% which XSee how that works? We found the symlink X and followed it to another symlink X which pointed to yet another symlink X which finally pointed to the SVGA server binary.
% ls -l /usr/X11R6/bin/X
lrwxrwxrwx 1 root root 16 Oct 11 1999 /usr/X11R6/bin/X -> /var/X11R6/bin/X*
% ls -l /var/X11R6/bin/X
lrwxrwxrwx 1 root root 24 Oct 11 1999 /var/X11R6/bin/X -> /usr/X11R6/bin/XF86_SVGA*
Debian is a bit different. The file /etc/X11/Xserver is a text file which gives the location of the server binary and who can use it.
% cat Xserver
The first line in this file is the full pathname of the default X server.
The second line shows who is allowed to run the X server:
Console (anyone whose controlling tty is on the console)
First, run xev, which will tell you the keycode for any key. Put the X cursor in the tester box and press the backspace key. You'll see something like:
KeyRelease event, serial 24, synthetic NO, window 0x1c00001,This reports my backspace key to be keycode 22 (yours may be different).
root 0x26, subw 0x1c00002, time 3098665090, (31,41), root:(622,60),
state 0x0, keycode 22 (keysym 0xff08, BackSpace), same_screen YES,
XLookupString gives 1 characters: "
The 2nd step is to actually do the mapping, which is done using xmodmap To perform the mapping, try:
xmodmap -e "keycode 22 = Delete"You can use xmodmap -pk to see what the valid targets are besides Delete. There's lots of them, like F1 through F12, Home, Up, Left, Control_R, KP_Enter, Pause, Print, Meta_L (Meta is the Alt key), KP_Down, KP_Insert and many, many more.
See man xmodmap for more details.
At this point, I assume that you've picked out a wm and are all hot and bothered to try it out. Most likely, all these window managers are already on your system, ready to be used. I won't go into installing them here.
In your home directory, there might be a file called .wm_style. This file contains the name of the window manager that you want X to start up. If you want Afterstep, .wm_style should contain the string `AfterStep'. If you want Enlightenment, the file should contain the word "Enlightenment". You need to be a bit careful about what you specify in this file, since computers are very bad at interpreting Afterstep to mean AfterStep. Some effort is made to do this interpretation, but if you want to know for sure what the string is, look at the output of less .Xclients (from your home directory). Even if you don't know shell programming, you should be able to figure out what X expects as valid strings in .wm_style. Next, kill your xserver (ctl-alt-backspace) and restart it with startx. You should be staring at a new window manager!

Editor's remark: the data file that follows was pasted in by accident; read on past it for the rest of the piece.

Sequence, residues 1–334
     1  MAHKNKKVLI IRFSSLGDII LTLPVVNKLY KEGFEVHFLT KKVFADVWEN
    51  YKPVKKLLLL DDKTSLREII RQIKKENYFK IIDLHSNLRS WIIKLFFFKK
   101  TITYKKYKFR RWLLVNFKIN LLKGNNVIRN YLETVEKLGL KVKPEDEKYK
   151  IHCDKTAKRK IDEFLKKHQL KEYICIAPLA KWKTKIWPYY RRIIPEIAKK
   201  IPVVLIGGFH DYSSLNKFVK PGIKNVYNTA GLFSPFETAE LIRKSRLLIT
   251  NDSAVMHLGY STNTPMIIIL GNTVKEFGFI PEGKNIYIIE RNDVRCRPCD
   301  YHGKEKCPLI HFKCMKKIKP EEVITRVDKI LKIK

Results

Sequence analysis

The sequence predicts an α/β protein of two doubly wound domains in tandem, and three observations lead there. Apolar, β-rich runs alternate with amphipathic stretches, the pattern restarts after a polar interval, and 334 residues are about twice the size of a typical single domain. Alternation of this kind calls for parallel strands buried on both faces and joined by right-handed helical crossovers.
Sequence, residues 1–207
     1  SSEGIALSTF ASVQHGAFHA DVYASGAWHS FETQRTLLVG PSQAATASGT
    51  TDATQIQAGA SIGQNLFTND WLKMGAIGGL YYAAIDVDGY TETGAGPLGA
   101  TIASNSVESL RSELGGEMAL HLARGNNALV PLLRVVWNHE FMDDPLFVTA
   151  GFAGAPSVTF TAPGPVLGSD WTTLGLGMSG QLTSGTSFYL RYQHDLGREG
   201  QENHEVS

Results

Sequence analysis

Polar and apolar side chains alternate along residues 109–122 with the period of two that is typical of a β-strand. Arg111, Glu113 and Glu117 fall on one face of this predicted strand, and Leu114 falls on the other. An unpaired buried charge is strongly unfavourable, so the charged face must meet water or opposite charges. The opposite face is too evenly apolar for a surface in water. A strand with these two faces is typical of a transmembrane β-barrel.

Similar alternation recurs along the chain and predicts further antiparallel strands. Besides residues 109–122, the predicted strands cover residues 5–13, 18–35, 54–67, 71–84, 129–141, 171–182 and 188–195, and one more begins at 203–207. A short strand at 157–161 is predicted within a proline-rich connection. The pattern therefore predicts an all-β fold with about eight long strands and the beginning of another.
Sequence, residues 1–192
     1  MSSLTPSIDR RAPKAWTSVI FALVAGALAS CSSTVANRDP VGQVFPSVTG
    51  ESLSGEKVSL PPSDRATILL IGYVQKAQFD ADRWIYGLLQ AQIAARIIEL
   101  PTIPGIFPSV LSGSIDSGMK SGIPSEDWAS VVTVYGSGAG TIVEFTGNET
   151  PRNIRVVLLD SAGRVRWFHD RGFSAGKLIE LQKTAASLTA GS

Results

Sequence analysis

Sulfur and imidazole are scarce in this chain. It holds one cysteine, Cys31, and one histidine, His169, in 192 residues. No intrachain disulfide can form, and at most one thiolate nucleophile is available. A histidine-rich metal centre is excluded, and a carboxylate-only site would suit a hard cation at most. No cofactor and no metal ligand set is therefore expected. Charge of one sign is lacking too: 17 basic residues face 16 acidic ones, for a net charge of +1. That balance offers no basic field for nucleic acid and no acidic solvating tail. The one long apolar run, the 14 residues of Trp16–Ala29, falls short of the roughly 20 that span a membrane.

If you don't have .wm_style (like if you have Debian), you want to edit a file named $HOME/.xinitrc. First find the location of the window manager executable by using the which command. For example, if you type which enlightenment, the system should respond with (for example) /usr/bin/enlightenment. Then, in .xinitrc you'll want to have the single line
exec /usr/bin/enlightenmentand you should be all set to go.
start-xdmto the end of the file /etc/X11/config.
xhost +remote.host.eduNext, start an ssh session to the remote host:
ssh -X -C -cblowfish remote.host.eduThe -X option tells ssh to enables X11 forwarding. The -C option tells ssh to compress all the incoming/outgoing packetsl. If you're at ethernet speeds or higher, this can actually make things slower, but on DSL and T1's it's supposed to help a lot (you may want to experiment with this).
By default, ssh uses the 3des (triple DES) cipher scheme to encrypt the connection. By specifying -cblowfish, you're telling ssh to use the blowfish algorithm, which is appears to be equally as secure, but MUCH faster than 3des.
If you get denied X11 forwarding then you'll need to allow X forwarding in the remote host's /etc/sshd/sshd.conf. If either the local or remote machines have a restrictive hosts.allow and/or hosts.deny, you'll have to add an entry for X-forwarding. Check out the man pages.
This should all work if you're on a masqueraded machine going out onto the internet. If you're on the internet and want to run an application on a machine which is masqueraded behind a firewall, the firewall will need to have a hole to make things work. Lastly, look into lbx, low bandwidth X.
Now all that stuff is for ssh, which automatically sets up the needed variables for X11 forwarding. If you use telnet (shame on you), you'll still need to use xhost (see above), but you'll have to manually set the $DISPLAY variable on the remote machine.
export DISPLAY=local.host.edu:0 setenv DISPLAY local.host.edu:0for bash/sh and csh/tcsh shells.
You can even make the local machine into an xterm for the remote machine. On the local machine, without X running, edit the appropriate starting script so it runs X with the following command:
X -query remote.host.eduNow, when you start X, your local machine will appear to be an Xterm connected to the remote machine (with a little bit of a delay).
Please report bugs or broken links to me.